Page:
I was going to celebrate my ability to withstand the onslaught that came second half of 2021 by coming to Ireland to see you and Martin, Paul (at the Priory) but it still feels a little weird out there in the big, wide world. A little understandable agoraphobia, perhaps. In all honesty navigating this year has been perhaps obviously surreal and I am so sorry I haven't been able to give you something back for your wonderful words, Paul. I will one day as being able to read what you are seeing and feeling when most of your friends and family are seeing something or nothing else has truly been a God send, as has pulling out my childhood bible myself. I wish I could show you the highlighted chapters in Revelations - truly. Why on earth would an 8 year old be so interested in all that mumbo jumbo?! Interesting feeling yourself speaking to you and current events 40 years later, across time. Just another layer to add to the oddness of feeling as though you're floating through time and space before being reconfigured, kind of like in the Wonka machine. I guess paradigm shifts aren't meant to be smooth sailing.
Regarding Elon Musk, (which I've just realised wasn't a prompt in your introductory email but I'll leave my thoughts here anyway), I admit to becoming a little addicted to it all suddenly. I listened to his live chat on Twitter with a few others (and 100k listeners). There's a change of the guard feeling about it all which is no surprise, and once again, taking out the middle man and the ever generous overlords. The mainstream media - just another institution destined to fall? I believe him when he speaks about the 'preciousness' of free speech and how rare it is to experience this. I also loved what he said about the arcs of civilisations and how ignorant we can be when on an 'up swing'. He certainly has an impressive mind and unless I'm utterly naive, this Twitter move certainly feels to be coming from a good intention. It also takes courage. How The Establishment is going after him now - and Matt Taibbi since part one of 'The Twitter Files' dropped. It's all just so revealing. The powers that be don't seem too concerned about giving their hand away, it seems, yet I guess there aren't many looking as closely as some of us.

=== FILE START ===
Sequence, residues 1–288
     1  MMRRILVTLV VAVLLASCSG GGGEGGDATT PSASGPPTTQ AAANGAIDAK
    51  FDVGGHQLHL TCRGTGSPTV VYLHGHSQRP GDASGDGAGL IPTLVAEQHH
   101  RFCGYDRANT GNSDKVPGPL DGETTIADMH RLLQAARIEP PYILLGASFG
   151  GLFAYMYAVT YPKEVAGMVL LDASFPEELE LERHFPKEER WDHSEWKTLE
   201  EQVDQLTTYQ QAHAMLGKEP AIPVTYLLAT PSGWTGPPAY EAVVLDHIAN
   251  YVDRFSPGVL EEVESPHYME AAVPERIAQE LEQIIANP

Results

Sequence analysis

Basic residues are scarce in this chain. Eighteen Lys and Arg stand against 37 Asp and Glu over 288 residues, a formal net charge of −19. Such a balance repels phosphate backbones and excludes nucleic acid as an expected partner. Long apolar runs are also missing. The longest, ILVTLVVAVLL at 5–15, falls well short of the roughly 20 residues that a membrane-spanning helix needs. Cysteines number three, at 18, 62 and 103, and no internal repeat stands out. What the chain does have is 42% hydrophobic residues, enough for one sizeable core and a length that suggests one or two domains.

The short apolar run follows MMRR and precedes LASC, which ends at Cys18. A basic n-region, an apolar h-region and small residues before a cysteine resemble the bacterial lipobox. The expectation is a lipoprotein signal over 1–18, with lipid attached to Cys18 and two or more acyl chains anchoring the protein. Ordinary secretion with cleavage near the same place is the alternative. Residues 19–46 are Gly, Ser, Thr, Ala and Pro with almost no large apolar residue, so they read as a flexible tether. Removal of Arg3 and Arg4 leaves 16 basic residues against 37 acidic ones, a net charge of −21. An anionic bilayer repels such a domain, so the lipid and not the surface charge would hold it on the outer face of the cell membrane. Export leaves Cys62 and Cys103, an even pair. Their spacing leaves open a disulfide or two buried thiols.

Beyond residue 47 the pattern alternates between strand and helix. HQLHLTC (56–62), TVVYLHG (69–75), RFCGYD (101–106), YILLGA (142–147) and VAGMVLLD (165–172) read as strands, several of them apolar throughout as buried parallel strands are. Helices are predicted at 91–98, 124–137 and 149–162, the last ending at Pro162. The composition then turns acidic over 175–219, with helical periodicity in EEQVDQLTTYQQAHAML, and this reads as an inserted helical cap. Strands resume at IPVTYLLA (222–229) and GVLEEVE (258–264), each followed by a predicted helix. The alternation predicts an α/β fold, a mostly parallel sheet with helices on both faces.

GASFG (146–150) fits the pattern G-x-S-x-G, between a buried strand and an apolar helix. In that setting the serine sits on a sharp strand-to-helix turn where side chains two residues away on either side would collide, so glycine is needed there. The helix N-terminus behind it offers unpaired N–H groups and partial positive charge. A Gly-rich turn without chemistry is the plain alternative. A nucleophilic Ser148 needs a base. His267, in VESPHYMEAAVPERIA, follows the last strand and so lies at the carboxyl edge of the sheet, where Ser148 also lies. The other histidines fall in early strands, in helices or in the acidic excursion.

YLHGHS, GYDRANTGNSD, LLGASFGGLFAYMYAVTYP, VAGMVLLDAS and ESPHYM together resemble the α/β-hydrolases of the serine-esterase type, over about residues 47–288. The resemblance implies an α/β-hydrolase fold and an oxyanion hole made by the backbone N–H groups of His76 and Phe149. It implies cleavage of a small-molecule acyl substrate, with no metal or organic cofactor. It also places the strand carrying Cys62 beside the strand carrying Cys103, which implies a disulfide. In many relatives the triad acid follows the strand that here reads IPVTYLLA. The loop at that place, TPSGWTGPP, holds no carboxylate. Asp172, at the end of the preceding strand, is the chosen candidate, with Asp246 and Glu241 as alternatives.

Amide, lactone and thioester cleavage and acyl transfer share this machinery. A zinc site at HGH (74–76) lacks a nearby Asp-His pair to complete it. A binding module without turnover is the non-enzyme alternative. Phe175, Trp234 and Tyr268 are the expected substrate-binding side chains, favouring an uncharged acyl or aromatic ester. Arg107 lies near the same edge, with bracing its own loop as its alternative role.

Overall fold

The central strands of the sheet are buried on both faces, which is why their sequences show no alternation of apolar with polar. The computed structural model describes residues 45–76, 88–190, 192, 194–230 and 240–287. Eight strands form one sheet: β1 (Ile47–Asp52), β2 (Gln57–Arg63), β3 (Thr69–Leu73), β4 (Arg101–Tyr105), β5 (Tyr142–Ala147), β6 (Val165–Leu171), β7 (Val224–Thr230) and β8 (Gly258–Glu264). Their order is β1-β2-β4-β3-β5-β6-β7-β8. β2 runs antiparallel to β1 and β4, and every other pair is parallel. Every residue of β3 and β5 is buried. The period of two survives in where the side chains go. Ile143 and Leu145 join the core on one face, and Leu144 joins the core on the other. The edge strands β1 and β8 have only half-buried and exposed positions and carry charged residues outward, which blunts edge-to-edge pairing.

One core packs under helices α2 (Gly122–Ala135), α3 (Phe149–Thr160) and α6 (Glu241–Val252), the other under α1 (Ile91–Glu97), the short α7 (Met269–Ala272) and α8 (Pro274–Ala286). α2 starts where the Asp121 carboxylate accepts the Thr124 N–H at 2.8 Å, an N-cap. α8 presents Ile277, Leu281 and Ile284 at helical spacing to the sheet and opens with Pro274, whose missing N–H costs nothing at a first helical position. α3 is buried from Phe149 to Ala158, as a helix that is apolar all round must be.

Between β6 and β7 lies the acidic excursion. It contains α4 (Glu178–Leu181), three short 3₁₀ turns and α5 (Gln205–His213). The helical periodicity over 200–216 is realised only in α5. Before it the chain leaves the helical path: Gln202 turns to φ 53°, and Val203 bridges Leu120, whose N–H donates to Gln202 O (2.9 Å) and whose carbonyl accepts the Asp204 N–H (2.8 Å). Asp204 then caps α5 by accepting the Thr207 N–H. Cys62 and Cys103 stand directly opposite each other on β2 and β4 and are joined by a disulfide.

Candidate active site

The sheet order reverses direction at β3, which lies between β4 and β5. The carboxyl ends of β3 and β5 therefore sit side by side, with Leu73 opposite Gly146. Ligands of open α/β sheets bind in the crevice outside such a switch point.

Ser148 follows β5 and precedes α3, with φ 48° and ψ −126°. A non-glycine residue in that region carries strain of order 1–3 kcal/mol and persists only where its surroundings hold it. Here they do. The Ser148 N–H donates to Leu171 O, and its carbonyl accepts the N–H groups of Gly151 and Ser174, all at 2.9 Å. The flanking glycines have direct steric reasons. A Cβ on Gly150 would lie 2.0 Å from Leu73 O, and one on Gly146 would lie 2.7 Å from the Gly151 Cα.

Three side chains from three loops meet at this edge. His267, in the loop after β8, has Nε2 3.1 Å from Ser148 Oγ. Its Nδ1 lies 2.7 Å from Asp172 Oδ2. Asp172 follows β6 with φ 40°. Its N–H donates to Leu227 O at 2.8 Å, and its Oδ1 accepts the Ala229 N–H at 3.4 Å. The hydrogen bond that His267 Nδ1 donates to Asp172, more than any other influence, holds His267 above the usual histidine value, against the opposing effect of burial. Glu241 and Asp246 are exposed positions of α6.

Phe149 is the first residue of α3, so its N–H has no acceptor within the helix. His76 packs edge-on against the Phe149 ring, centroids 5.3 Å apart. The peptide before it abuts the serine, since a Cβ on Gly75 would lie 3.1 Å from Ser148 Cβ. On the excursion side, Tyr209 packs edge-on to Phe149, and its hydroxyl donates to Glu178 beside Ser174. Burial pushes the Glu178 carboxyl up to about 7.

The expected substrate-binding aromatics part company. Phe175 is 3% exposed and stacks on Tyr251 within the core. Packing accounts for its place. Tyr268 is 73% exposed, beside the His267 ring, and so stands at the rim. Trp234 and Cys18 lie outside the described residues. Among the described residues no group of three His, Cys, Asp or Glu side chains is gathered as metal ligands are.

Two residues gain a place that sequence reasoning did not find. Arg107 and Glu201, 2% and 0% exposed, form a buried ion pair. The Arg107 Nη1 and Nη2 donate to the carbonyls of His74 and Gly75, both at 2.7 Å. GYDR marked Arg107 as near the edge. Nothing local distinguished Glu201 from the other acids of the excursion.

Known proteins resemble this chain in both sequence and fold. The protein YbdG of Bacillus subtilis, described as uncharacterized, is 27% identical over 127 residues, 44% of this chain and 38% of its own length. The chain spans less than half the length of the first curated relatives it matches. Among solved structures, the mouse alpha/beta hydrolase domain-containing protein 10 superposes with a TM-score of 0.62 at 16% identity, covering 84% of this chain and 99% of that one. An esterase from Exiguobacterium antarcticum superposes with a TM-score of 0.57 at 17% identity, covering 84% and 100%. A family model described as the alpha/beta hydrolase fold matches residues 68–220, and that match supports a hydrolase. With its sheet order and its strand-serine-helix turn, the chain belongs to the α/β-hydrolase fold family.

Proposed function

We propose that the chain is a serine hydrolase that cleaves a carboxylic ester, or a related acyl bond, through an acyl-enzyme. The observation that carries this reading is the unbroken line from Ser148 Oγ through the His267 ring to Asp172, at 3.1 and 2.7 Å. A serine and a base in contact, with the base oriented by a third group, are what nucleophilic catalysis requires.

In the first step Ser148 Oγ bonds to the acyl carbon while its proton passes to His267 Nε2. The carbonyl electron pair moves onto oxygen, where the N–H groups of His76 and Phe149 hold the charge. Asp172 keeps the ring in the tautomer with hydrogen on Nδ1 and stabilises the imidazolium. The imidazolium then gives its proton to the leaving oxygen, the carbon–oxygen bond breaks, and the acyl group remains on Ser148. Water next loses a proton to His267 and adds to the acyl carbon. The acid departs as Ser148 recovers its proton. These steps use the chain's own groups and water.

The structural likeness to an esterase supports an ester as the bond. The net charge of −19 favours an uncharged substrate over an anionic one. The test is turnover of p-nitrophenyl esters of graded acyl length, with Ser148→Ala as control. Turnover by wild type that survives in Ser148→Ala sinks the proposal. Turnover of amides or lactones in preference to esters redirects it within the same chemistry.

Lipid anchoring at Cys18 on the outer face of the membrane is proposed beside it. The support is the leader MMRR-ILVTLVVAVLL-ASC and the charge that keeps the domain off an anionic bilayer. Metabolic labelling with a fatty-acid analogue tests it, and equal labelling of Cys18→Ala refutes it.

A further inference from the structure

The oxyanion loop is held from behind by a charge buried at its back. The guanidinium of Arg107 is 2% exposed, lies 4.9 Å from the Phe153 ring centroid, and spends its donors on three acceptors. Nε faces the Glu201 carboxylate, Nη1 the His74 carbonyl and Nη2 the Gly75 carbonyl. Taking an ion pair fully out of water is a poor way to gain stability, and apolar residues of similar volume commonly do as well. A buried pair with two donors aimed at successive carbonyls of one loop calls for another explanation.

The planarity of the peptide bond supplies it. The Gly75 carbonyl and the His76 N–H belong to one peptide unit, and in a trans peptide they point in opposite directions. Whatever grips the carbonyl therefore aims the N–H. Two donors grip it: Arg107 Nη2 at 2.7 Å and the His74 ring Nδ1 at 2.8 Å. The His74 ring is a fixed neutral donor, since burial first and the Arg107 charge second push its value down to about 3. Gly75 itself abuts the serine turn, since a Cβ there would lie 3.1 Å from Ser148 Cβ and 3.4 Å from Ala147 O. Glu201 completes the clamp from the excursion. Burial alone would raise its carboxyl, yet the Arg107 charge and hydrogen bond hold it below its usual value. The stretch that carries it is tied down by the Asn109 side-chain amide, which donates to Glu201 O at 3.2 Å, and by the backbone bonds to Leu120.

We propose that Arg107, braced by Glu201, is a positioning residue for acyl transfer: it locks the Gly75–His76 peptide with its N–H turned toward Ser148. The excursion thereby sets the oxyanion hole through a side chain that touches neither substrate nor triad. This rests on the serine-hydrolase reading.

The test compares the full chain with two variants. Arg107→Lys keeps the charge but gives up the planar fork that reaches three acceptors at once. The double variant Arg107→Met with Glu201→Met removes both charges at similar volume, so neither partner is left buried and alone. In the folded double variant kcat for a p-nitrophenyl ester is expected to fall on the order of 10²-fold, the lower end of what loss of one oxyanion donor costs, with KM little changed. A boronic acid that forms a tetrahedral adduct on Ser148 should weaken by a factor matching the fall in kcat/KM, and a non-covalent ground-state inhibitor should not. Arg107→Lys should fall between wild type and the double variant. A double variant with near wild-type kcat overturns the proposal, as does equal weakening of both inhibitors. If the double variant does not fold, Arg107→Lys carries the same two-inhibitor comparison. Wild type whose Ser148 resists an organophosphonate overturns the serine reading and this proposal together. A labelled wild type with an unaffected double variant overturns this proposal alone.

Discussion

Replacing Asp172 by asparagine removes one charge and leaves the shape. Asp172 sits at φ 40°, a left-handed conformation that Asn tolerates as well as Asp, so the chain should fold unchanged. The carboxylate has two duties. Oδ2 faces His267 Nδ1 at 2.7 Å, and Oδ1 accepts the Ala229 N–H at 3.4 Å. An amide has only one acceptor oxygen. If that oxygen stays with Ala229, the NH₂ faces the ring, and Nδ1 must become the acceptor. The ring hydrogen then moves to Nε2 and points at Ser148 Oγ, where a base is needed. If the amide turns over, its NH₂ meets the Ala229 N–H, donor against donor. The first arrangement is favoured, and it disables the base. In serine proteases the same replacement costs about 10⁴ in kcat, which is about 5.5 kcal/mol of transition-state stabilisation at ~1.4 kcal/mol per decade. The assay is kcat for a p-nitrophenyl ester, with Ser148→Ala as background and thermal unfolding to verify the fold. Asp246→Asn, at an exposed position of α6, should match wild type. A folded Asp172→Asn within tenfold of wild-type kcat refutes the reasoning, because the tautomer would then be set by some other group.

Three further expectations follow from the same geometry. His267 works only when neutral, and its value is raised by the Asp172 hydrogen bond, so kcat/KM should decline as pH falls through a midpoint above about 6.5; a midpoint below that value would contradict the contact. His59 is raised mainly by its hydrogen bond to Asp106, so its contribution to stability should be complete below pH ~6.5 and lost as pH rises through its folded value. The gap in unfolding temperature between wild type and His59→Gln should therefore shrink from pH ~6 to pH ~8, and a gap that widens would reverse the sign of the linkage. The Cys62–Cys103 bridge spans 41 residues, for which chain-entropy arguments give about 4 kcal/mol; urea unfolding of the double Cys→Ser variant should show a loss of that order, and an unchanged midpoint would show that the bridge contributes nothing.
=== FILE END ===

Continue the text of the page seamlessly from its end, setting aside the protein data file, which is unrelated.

Having said ALL that, I mustn't forget that ultimately it's just a billionaire's race to building the infrastructure for transhumanism and streamline all of it into one global system. Musk's 'If you can't beat it, join it' attitude is his modus operandi/long game, and so impressive and well intentioned as the man might be, no thanks. I have been writing about all that concerns most of us for years and the inevitable split when it comes to Late Stage Capitalism. It's only Instagram rants but my hashtag is always the same - go the hobbits. In Tolkenesque times what other conclusion is there? I guess that's always been my answer to the whole thing. I can't help but be wedded to the beauty and wonder of the natural world so I think ultimately, it's going to be a game of staying in our hearts and being present with all that is.
Thank you for the opportunity. So happy to be in good company and be able to say thank you. Thank you again Paul, and thank you also to Rhys Wildermuth. Love you Rhys, if you are reading this. Your writing has also held my heart in tac t and I am greatly indebted to you both. Good health to all reading this. Monique x